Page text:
5. Right-click root.json and choose Edit with Notepad++.

    JSON text

    To change the size of the earthquake points, you'll add the circle-radius property inside the paint object. The object already has a property, so you'll need to add a comma before adding a second.

  6. Add a comma to the end of "circle-color": "#00C8D6". Press Enter to create a new line and type "circle-radius":.

    Circle radius property

    The circle-radius property accepts a number or an object as the value. If you set it to a number, every circle will have the same radius in pixels equal to the number. You want to vary the radius of each circle by an attribute value, so you'll create a property function. Property functions are defined inside objects.

  7. Type {, press Enter twice, and type }.

    Empty circle radius property

    Next, you'll identify the name of the attribute field to be used in the property function. The earthquake magnitude is stored in the mag field, which you included by highlighting in the table before creating the vector tile package. To identify the attribute inside the property function, you'll set the value of property to mag.

  8. In the empty line between the braces, type "property": "mag".

    Magnitude property ID

    Next, you'll define the size of the circle radius for each magnitude value. You'll do so by creating stops. A stop has two values: the first is an input value and the second is an output value. Your stops will contain an input value of magnitude and an output value of the circle radius.

  9. Add a comma to the end of the line that reads "property": "mag", press Enter, and type "stops": [].

    Stops property

    You'll add two stops. One will contain the minimum circle radius and one will contain the maximum circle radius.

  10. Add two empty lines inside the brackets after "stops". In the first empty line, type [4, 10] and add a comma. On the second empty line, type [8, 100].

    Stops for minimum and maximum circle radius

    The first stop indicates that earthquakes with a magnitude of 4 or lower will have a size of 10 pixels. The second stop indicates that earthquakes with a magnitude of 8 or higher will have a size of 100 pixels. Earthquakes with magnitudes between 4 and 8 will have sizes between 10 and 100 pixels.

    Before you repackage the vector tiles to display and check your work, you'll make two more changes to the point symbols. First, you'll add a blur effect. Then, you'll lower the opacity to make large groups of overlapping circles stand out more.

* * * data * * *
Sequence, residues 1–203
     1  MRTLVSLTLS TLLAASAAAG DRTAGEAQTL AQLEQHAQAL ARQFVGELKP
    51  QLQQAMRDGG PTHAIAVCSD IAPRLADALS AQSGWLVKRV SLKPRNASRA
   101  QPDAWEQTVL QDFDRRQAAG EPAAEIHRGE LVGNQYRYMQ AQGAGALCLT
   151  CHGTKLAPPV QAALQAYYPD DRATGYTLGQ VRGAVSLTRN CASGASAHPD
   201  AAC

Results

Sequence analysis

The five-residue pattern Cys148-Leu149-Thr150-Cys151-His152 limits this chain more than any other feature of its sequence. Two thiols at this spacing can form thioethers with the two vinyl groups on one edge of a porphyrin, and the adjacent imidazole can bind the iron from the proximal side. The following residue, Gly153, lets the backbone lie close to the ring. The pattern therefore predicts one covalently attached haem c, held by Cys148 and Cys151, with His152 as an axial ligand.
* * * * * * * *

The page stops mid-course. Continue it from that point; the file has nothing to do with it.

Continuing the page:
11. Create a new line under the circle-color property and type "circle-blur": 1. Add a comma at the end.

    A circle blur value of 1 blurs the circle so that only the center of the circle is at full opacity.

  12. Add another line and type "circle-opacity": 0.05. Add a comma at the end.

    An opacity value of 0.05 will set the circle opacity to a value of 5 percent.

    Circle blur and circle opacity

  13. Save the JSON file and close Notepad++.

Repackage the vector tiles

To check your work, you'll repackage the vector tiles and add them to a map in ArcGIS Pro.

  1. Browse to the folder containing the extracted vector tile package. Select the esriinfo and p12 folders using Ctrl.
  2. Right-click the highlighted folders, point to 7-Zip, and choose Add to archive.
  3. For Archive, type earthquakes_2017_blue_blurs.vtpk.
  4. For Archive format, choose zip. For Compression level, choose Store.
  5. Click OK.

    A new file named earthquakes_2017_blue_blurs.vtpk is created in the folder. Once again, you may want to copy your new .vtpk file to the default project folder.

  6. Open your Earthquakes of 2017 project in ArcGIS Pro.
  7. In the Contents pane, uncheck all layers to turn them off.
  8. On the ribbon, click the Map tab. In the Layer group, click Add Data. Browse to and add the earthquakes_2017_blue_blurs.vtpk vector tile package to the map.

    Blurred blue circles

    These points would look better on a dark background. You'll add a dark basemap to make the blue blurs stand out more.

  9. On the Map tab, in the Layer group, click Basemap. Choose Dark Gray Canvas.

    A dark basemap is added to the map.

    Blue blurred circles on a dark basemap

Add duplicate layers with varying symbology

Lastly, you'll add more color to the circles to enhance the look (based on the design in this blog post). You'll duplicate the point layer and assign different circle sizes and colors to each.

In the style JSON file you've edited, most of your work has been inside the layers object. The value of layers is an array of objects. Each object represents a layer with all its properties. Currently, there's only one object in that array: the original earthquakes layer.

You can duplicate the layer by copying and pasting it after the existing one. Layers are rendered from the first layer down in ArcGIS Pro, meaning each layer is displayed on top of the layer defined above it.

  1. Extract earthquakes_2017_blue_blurs.vtpk using 7-Zip. Open the p12, resources, and styles folders.
  2. Right-click root.json and choose Edit with Notepad++.